You think that bad stuff just happens?
In 2016, 42,000 Americans died because of opioids. 40 percent of those deaths were due to prescription opioids.
That is a lot. A lot of dead Americans. But that’s just one year. “Over the past two decades, more than 200,000 people have died in the United States from overdoses involving prescription opioids.”
You think that this just happened?
You think that no one knew?
Purdue Pharma knew. Or to be somewhat more precise, the New York Times is reporting that “federal prosecutors investigating the company found that Purdue Pharma knew about ‘significant’ abuse of OxyContin in the first years after the drug’s introduction in 1996 and concealed that information.” Meier, B., “Origins of an Epidemic: Purdue Pharma Knew Its Opioids Were Widely Abused,” NY Times, May 29, 2018.
And that’s important for two reasons:
First, because Purdue Pharma “has long claimed it was unaware of the powerful opioid painkiller’s growing abuse until years after it went on the market.”
That, it turns out, was not true.
Second, because the drug maker “continued ‘in the face of this knowledge’ to market OxyContin as less prone to abuse and addiction than other prescription opioids.”
And that, too, was not true.
The New York Times article reveals a shocking story of reprehensible – and purposeful – behavior. Below are excerpts from that expose:
When the Food and Drug Administration approved OxyContin in late 1995, the agency permitted Purdue Pharma to make a unique claim for it — that its long-acting formulation was “believed to reduce” its appeal to drug abusers compared with shorter-acting painkillers like Percocet and Vicodin.
Purdue Pharma viewed the agency’s decision as “so valuable” that it could serve as OxyContin’s “principal selling tool,” an internal 1995 company report shows. The drugmaker admitted in 2007, when confronted with evidence gathered by prosecutors, that it trained sales representative to tell doctors that OxyContin was less addictive and prone to abuse than competing opioids, claims beyond the one approved by the F.D.A.
Company officials had received reports that the pills were being crushed and snorted; stolen from pharmacies; and that some doctors were being charged with selling prescriptions, according to dozens of previously undisclosed documents that offer a detailed look inside Purdue Pharma.
Prosecutors found that the company’s sales representatives used the words “street value,” “crush,” or “snort” in 117 internal notes recording their visits to doctors or other medical professionals from 1997 through 1999.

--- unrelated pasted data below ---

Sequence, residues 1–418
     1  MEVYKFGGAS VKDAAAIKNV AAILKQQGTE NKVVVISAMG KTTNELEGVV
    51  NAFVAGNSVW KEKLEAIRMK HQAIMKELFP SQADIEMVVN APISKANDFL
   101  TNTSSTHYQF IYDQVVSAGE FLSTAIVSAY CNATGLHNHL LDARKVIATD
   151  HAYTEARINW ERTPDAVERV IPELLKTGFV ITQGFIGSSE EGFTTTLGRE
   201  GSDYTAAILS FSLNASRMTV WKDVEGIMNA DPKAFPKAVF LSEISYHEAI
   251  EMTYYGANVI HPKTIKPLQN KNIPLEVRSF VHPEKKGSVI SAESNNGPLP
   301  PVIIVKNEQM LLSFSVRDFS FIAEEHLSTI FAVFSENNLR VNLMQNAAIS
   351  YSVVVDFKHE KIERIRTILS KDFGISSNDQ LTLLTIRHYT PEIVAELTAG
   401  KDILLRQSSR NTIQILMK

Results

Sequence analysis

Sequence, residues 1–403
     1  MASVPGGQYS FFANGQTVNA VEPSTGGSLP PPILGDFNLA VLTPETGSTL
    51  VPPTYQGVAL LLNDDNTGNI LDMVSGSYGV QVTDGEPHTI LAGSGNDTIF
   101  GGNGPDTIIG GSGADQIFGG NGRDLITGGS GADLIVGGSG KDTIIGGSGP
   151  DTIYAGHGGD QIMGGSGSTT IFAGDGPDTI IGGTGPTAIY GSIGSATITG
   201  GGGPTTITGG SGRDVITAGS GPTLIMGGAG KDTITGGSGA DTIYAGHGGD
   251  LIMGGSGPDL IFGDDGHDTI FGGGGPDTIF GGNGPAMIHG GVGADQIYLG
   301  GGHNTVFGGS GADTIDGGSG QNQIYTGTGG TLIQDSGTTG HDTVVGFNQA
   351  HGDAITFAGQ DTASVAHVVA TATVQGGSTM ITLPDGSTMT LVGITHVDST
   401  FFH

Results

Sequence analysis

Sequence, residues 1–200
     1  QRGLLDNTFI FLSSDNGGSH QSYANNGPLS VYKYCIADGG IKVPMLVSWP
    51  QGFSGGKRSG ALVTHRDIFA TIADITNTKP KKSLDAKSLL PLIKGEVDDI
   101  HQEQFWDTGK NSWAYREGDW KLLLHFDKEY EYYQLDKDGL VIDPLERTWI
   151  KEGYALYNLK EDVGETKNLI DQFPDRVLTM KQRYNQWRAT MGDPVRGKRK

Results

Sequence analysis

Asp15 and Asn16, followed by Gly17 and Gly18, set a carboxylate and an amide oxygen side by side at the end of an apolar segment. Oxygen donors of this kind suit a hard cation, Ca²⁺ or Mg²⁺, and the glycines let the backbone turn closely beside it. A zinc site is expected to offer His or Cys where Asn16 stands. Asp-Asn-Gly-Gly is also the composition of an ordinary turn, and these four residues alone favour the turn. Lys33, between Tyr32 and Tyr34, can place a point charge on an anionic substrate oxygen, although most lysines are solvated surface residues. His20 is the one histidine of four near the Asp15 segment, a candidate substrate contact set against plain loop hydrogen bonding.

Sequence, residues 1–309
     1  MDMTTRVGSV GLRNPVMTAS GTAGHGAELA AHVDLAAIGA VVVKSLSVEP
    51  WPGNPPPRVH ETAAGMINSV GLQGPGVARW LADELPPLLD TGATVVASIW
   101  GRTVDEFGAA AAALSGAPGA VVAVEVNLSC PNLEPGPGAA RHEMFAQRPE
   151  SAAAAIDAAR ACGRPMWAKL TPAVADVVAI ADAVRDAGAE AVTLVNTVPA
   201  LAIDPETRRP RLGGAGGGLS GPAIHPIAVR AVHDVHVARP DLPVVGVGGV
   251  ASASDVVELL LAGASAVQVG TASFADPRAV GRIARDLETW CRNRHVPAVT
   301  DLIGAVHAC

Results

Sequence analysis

[Emails showed] that Purdue Pharma’s owners, members of the wealthy Sackler family, were sent reports about abuse of OxyContin and another company opioid, MS Contin.
Based on their findings after a four-year investigation, the [federal] prosecutors recommended that three top Purdue Pharma executives be indicted on felony charges, including conspiracy to defraud the United States, that could have sent the men to prison if convicted.
But top Justice Department officials in the George W. Bush administration did not support the move, said four lawyers who took part in those discussions or were briefed about them. Instead, the government settled the case in 2007.
In 2007, Purdue Pharma pleaded guilty to a felony charge of “misbranding” OxyContin while marketing the drug by misrepresenting, among other things, its risk of addiction and potential to be abused. Three executives — the company’s chief executive, Michael Friedman; its top medical officer, Dr. Paul D. Goldenheim; and Mr. Udell, who died in 2013 — each pleaded guilty to a misdemeanor “misbranding” charge that solely held them liable as Purdue Pharma’s “responsible” executives and did not accuse them of wrongdoing. The company and the executives paid a combined $634.5 million in fines and the men were required to perform community service.
That decision followed meetings with a Purdue Pharma defense team whose advisers included Rudolph W. Giuliani, a onetime United States attorney and former New York mayor. Mr. Giuliani, who was then regarded as a potential Republican presidential candidate, is now a legal adviser to Mr. Trump.
The Justice Department hailed the settlement as a victory. But several former government officials said the decision not to bring more serious charges and air the evidence prosecutors had gathered meant that a critical chance to slow the trajectory of the opioid epidemic was lost.
“It would have been a turning point,” said Terrance Woodworth, a former Drug Enforcement Administration official who investigated Purdue Pharma in the early 2000s. “It would have sent a message to the entire drug industry.”
It is a shocking, and sad history. The entire article is worth reading.
Here’s the question of the day: If and when governmental regulatory agencies fall short, what recourse is left for citizens to hold powerful corporate wrongdoers accountable? (Hint: It has something to do with tort law).